Tens of thousands of Tunisians marched through the capital in a show of solidarity against armed fighters on Sunday, after the government said its forces had killed nine members of a group suspected of carrying out this month's deadly Bardo Museum attack.
Among those killed by Tunisian security forces hours before the march was a lead suspect in the attack, Khaled Chaieb – also known as Abou Sakhr Lokman – believed to be a prominent Algerian fighter in Al-Qaeda’s North African arm, Tunisia’s Prime Minister Habib Essid and state media said.
The March 18 attack in Tunis killed 21 foreign tourists and a policeman, shaking a country that has been praised as a peaceful democratic model since leading the first of the Arab Spring uprisings in 2011.
A red-and-white sea of Tunisian crescent and star flags filled a major boulevard in Tunis where several world leaders, including French President Francois Hollande, joined a rally under the slogan "Le Monde est Bardo" (The World is Bardo), echoing the slogan “Je suis Charlie” (I am Charlie) after a series of attacks in France left 17 dead months earlier.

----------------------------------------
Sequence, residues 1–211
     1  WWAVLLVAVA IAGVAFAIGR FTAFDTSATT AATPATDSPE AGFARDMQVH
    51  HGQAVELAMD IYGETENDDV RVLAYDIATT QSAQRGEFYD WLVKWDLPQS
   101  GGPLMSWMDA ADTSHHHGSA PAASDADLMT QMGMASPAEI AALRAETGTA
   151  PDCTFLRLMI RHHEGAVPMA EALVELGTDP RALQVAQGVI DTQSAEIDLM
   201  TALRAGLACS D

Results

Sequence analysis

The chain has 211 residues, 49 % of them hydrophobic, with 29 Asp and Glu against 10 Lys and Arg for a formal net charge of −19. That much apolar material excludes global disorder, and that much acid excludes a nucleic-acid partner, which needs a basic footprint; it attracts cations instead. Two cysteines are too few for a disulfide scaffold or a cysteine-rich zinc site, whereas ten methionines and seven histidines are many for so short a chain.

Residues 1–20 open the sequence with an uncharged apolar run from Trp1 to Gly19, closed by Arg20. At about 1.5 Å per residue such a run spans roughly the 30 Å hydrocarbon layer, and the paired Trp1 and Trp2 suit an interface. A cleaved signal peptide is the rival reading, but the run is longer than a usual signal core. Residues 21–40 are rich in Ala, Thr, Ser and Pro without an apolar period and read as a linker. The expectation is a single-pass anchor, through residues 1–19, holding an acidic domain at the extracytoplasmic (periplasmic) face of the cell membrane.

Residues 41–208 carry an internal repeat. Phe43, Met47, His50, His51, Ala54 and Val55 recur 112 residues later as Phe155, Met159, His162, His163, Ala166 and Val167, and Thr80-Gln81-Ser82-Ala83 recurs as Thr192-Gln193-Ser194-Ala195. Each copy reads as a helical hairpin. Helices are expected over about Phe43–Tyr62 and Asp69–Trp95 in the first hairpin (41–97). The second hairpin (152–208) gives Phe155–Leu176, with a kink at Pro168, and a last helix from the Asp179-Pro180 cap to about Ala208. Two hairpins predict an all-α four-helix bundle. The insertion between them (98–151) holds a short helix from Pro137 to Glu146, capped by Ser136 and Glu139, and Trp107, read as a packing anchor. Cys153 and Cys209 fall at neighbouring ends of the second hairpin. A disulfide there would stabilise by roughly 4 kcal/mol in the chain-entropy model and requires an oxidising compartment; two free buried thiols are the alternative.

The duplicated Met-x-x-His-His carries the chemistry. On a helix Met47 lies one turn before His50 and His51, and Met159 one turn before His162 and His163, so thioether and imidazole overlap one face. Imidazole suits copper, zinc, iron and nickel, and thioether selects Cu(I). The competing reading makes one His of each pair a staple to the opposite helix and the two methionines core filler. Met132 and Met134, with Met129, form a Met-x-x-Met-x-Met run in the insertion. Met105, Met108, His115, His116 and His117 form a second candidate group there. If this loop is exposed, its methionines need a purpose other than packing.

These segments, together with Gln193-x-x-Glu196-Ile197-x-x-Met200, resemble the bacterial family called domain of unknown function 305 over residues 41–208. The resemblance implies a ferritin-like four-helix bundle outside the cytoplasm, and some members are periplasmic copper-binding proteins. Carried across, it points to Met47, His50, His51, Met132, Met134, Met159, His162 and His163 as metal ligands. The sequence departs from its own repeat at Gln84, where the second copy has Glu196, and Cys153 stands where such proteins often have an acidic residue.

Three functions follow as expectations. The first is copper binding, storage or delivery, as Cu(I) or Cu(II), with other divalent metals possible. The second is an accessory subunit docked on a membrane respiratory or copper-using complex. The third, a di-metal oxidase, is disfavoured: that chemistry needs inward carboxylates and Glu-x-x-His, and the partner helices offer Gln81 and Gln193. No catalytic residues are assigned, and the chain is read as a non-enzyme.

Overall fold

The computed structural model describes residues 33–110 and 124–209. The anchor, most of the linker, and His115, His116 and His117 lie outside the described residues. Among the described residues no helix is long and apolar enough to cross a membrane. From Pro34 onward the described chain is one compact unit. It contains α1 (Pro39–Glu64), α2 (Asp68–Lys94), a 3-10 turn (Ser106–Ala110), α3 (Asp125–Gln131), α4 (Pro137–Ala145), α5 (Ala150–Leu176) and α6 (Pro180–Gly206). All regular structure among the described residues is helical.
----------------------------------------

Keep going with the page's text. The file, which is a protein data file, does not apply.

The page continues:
France held a similar national unity march in January after the attacks by Al-Qaeda affiliates on a satirical newspaper, Charlie Hebdo, and a kosher supermarket. Tunisia was a protectorate of France for 75 years, until Tunisia’s liberation in 1956. Remnants of France’s colonial influence continue to affect nations across Africa today.
"Tunisia wanted France with them, and France is on the side of Tunisia, the origin of the Arab Spring, and now a victim of a hateful act," Hollande said, lauding the two nation’s relationship, just before his flight to Tunis.
Italy's Prime Minister Matteo Renzi was also due to take part in the demonstration, along with leaders from Palestine, Poland, Belgium, Libya and Algeria. Israel’s recently reelected Prime Minister, Benjamin Netanyahu, who attended France’s unity march, did not attend Tunis’s commemorations.
Participants at Sunday’s demonstration – like their French counterparts in January – said Sunday’s rally in Tunis was a show of defiance in the face of a national security threat.
"We have shown we are a democratic people, Tunisians are moderate, and there is no room for terrorists here," said one of the demonstrators, Kamel Saad. "Today everyone is with us."
Thousands of police and soldiers were positioned around the capital.
One of the most secular countries in the Arab world, Tunisia has mostly avoided violence in the four years since the toppling of autocrat Zine El-Abidine Ben Ali. In contrast with Libya, Yemen and Syria, which have plunged into war and chaos, it has adopted a new constitution and held free elections.
But the Bardo massacre was one of the worst attacks in its history. Japanese, Polish, Spanish and Colombian visitors were among those killed in the attack, which the government says was aimed at destroying Tunisia's tourism industry – a mainstay of the national economy.
Al Jazeera and wire services